For a longer term project, this may be learning a new language, studying human anatomy or memorizing a collection of poetry.
Toggling these two projects will keep you from becoming bored and burnt out with a singular goal.
#6: Explore Indoor vs. Outdoor Options
As you move toggle between short and long term projects, explore using indoor and outdoor locations for your memory journeys.
As an alternative to viewing your memory tools as simply one large Mind Palace, what if you thought of it as a collection of smaller locations?
For example, a home is a collection of room, a room a collection of areas and corners. A park can be seen as a playground area, hiking trail, community pool.
(Or you can skydive and wander your Memory Palaces like Kevin Richardson does while using Recall Rehearsal for learning Japanese with mnemonics.)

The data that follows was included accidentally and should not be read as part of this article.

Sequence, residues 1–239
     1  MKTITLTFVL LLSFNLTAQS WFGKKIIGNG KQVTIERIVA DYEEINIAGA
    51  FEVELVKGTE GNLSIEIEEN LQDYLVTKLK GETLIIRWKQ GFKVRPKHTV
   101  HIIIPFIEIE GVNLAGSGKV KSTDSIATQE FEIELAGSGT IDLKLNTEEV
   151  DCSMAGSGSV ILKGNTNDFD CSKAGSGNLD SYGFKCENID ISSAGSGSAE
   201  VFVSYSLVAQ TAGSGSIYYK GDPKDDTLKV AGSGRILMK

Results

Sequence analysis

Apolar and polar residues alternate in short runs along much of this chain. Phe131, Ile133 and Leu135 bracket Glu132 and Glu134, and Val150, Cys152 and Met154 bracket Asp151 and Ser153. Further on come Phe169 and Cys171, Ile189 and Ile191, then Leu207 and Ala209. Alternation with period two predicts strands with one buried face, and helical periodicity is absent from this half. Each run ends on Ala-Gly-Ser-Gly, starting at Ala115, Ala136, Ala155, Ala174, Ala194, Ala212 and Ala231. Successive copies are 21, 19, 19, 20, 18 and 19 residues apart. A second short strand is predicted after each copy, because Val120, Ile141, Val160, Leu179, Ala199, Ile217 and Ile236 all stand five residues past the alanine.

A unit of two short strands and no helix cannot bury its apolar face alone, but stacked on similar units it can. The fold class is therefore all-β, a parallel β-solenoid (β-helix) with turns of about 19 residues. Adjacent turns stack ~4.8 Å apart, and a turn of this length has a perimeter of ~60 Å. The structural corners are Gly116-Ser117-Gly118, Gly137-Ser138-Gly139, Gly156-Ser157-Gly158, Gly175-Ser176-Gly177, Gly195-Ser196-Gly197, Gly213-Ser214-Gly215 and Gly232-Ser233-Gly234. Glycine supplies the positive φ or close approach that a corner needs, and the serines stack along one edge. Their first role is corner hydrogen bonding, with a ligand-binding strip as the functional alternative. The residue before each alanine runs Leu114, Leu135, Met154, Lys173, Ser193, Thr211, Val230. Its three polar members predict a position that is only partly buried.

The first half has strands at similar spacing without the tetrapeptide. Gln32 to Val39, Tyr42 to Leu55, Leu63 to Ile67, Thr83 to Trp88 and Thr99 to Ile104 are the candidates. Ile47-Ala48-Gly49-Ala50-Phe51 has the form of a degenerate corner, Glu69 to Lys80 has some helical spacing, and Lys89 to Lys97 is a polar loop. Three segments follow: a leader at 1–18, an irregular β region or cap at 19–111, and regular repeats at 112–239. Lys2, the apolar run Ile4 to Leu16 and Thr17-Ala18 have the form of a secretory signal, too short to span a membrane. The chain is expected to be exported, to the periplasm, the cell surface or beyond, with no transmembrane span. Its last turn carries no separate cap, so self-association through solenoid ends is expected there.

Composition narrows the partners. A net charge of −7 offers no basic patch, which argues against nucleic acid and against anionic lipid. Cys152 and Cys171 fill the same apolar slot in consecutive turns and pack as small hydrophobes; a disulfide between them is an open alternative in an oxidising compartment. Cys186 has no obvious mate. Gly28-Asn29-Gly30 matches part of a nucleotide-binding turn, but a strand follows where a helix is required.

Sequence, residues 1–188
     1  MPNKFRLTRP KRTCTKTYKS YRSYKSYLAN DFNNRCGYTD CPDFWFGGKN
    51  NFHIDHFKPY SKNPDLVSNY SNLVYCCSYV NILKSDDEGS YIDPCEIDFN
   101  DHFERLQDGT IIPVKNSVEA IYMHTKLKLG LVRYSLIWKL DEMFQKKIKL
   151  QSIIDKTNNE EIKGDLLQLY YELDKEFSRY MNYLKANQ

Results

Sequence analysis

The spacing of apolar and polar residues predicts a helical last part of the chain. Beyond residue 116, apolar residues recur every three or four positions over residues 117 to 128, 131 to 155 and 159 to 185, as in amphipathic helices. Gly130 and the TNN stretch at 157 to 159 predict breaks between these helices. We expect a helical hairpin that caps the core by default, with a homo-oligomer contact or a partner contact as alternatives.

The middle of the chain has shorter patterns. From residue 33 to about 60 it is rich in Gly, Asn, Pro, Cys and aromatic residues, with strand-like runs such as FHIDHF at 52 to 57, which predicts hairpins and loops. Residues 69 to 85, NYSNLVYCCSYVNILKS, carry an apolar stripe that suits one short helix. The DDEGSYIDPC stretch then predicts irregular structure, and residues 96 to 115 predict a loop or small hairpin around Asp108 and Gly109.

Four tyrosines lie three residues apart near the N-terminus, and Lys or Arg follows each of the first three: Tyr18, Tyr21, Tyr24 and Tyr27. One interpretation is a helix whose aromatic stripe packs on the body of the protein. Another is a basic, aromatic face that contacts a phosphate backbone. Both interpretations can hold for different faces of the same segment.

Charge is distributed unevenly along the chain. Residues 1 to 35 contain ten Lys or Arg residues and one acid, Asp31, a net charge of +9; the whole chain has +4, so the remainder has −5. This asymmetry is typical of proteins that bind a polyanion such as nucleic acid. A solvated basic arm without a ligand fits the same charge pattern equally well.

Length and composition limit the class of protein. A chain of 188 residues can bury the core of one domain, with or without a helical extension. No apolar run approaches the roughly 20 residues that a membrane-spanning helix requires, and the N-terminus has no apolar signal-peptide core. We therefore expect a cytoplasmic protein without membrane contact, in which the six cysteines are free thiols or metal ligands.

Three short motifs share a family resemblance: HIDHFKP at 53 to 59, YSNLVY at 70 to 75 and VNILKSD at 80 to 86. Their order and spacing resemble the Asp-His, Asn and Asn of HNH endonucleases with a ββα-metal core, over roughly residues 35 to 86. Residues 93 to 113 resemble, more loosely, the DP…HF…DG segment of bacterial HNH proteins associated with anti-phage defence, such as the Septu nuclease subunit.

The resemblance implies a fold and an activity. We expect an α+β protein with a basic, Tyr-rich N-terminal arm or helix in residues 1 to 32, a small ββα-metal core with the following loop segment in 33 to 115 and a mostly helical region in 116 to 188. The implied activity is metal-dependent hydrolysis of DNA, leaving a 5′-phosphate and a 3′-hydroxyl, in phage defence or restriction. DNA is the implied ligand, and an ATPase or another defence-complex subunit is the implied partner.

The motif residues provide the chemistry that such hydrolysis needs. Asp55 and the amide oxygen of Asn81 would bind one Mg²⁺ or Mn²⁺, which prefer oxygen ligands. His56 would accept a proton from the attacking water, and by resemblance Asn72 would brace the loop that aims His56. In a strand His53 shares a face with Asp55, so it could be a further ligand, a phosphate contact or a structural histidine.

Be flexible and bring a sense of playfulness to using this memory technique. It will be far more beneficial as you develop living and growing entities using the method of loci instead of a static, fixed creation.
For more on using outdoor locations, check out my discussion with Lynne Kelly on the craft of memory.
#7: Understand That The Method Of Loci Creates Pegs To Which You Can Add Pegs
Think of each spot you create using the method of loci as a peg to which you can add pegs. In other words, each is a space to which you can add a peg.
When people first get started with memory techniques they may see these tools as mutually exclusive, instead of elements that can be used in partnership.
Yet, the Peg System works exactly how you would imagine, pegging or linking one thing to another. Building upon what you do know, you connect the new information to it in your mind.
(No, peg system is not that different from the pegword method, but it’s worth exploring both.)
#8: Persist with S.I.P.